A Round Mirror in the Bathroom

Last week we chatted about my hopes and dreams for this little bathroom. Although I wish we could totally renovate this entire space to make it more “me”, I decided against that idea since gutting a bathroom that was renovated right before we bought the house 3 years ago seems a bit wasteful. So instead of starting fresh, I decided that I needed to work with what I got and make the most this space without investing a ton of money.

First order of business — the mirror. Casey encouraged me to ditch the builder-grade mirror that came with the house and swap it out for a round, less matchy-matchy mirror to open up the space. Check out what a difference this simple change made…

My New Round Mirror

Who knew ONE change could make such a significant difference?! I’m in L-O-V-E and can’t believe it took me three years of living in this house to finally swap out the matchy-matchy for something I love so much more. Measuring a round mirrorI ended up choosing this round mirror from West Elm because of its size (30″ diameter), style, and chrome/silver-ish finish. It was a bit of a splurge (at $250) and more than I usually spend on a mirror, but I figured that a couple hundred bucks on a game-changer mirror was A LOT cheaper than the alternative…renovating the bathroom.

My New Bathroom Look

A bathroom with a new round mirror And to be honest, I’m glad I splurged on something I really loved rather than settling for something cheaper (I usually find that’s when design regret sets in). silver round mirror from West ElmThere is definitely less “mirror space” and more wall exposed with the round mirror when compared to the rectangular mirror (which was something to get used to at first), but now I love that more wall space is exposed because I feel like it gives the whole bathroom a lighter, more airy feel. <— a welcome “trick” in our bathroom since it’s pretty small to begin with.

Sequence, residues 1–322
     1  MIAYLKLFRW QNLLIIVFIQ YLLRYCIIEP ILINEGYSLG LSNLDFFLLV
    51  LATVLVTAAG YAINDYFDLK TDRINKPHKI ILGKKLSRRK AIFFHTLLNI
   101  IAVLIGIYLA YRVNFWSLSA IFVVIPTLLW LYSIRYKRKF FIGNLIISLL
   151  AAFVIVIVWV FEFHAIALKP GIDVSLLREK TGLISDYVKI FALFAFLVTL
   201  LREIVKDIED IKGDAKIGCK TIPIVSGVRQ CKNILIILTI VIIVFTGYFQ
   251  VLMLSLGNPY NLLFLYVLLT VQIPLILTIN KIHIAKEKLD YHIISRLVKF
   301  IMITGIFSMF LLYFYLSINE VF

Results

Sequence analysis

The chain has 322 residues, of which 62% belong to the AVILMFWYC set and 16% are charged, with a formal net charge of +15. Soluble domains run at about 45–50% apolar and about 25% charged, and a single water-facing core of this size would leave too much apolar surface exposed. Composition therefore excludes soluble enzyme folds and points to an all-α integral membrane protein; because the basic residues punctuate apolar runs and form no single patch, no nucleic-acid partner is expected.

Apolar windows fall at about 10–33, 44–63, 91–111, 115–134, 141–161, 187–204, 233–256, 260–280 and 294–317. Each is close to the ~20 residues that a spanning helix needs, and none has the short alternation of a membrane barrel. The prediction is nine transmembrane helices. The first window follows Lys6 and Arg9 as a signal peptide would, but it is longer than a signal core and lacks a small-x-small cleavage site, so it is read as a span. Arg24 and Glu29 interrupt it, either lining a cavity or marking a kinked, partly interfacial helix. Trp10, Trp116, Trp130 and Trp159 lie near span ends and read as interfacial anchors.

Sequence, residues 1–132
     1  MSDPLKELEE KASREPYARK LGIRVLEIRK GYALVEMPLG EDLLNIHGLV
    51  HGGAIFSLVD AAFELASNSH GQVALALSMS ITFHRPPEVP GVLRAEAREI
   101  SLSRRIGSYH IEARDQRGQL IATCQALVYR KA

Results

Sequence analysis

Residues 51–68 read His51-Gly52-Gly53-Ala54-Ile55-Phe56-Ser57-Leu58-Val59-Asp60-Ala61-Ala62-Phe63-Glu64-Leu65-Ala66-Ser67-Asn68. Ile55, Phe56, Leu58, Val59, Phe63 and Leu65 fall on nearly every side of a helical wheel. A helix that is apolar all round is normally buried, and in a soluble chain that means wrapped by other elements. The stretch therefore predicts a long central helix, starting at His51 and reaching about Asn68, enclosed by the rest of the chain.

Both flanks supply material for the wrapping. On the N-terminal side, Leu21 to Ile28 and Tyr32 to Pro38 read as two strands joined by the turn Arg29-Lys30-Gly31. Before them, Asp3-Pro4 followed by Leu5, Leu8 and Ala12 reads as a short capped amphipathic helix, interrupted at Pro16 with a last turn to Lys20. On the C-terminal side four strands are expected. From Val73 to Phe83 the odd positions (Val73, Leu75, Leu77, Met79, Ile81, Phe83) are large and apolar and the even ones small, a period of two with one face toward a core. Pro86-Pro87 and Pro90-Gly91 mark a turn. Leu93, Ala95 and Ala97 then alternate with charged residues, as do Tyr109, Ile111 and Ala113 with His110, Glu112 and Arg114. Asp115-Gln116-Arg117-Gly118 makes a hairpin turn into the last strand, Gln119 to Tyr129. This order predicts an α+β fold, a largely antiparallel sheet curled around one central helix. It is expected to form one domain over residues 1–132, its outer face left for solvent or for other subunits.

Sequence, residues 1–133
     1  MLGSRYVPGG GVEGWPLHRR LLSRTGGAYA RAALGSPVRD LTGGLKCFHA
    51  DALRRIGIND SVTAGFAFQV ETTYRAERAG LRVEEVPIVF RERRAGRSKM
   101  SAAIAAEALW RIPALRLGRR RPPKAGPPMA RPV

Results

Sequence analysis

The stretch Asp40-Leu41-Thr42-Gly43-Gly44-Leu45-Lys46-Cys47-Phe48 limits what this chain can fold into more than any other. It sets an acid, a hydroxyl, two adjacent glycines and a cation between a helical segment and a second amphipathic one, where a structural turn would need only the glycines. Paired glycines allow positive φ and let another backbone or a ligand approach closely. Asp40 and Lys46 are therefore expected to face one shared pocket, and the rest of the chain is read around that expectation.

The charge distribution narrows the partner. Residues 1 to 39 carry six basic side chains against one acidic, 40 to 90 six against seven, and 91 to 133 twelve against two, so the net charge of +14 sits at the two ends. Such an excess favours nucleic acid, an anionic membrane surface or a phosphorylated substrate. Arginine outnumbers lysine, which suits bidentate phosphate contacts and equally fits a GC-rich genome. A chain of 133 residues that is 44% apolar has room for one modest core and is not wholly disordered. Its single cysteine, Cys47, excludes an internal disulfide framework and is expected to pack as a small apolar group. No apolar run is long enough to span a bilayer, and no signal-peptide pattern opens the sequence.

A silver round mirror from West ElmIf you’re looking to change out your bathroom mirror (or any heavy round mirror for that matter), you can check out this tutorial on “How to Hang a Heavy Mirror” over on the Zillow blog. We broke down the step-by-step process on how we hung this heavy mirror in my bathroom and shared even more before & after photos of this space there.

And before I go, two random question for you guys.

1. I’m NOT planning on moving anytime soon but hanging this mirror has me thinking IF we ever did move, can I bring the mirror with me? Or does it have to stay? If I do bring it with me, do I have to add the old mirror back in its place? I’m not usually one to save stuff like the old mirror (small house, little storage), but maybe I should just in case? If you have any experience with this, I’d LOVE to hear your feedback. Since it’s a pricey mirror that I really love, I want to make sure I plan accordingly for the long run. Again…. I’m NOT moving, just been randomly wondering about this since I’ve hung this mirror up.

ampersand bathroom2. Am I crazy for wanting to add a little wood wall treatment in this small space?! Dare I say…. SHIPLAP?! (AH!) I’ve been wanting to experiment with shiplap for awhile now and I feel like this may just be the perfect space to give it a try (why not…. right?). AND on top of that, the situation currently happening over the toilet — it’s gotta go (eek). It’s been there since right after we moved in and let’s just say, my style has changed a bit. I feel like a little bit more white, some clean lines and simplifying this space will make this space a lot more “me”.

What do you think? Have you had experience with shiplap? Specifically in the bathroom? Any tips, tricks, advice? HELP!

Bridget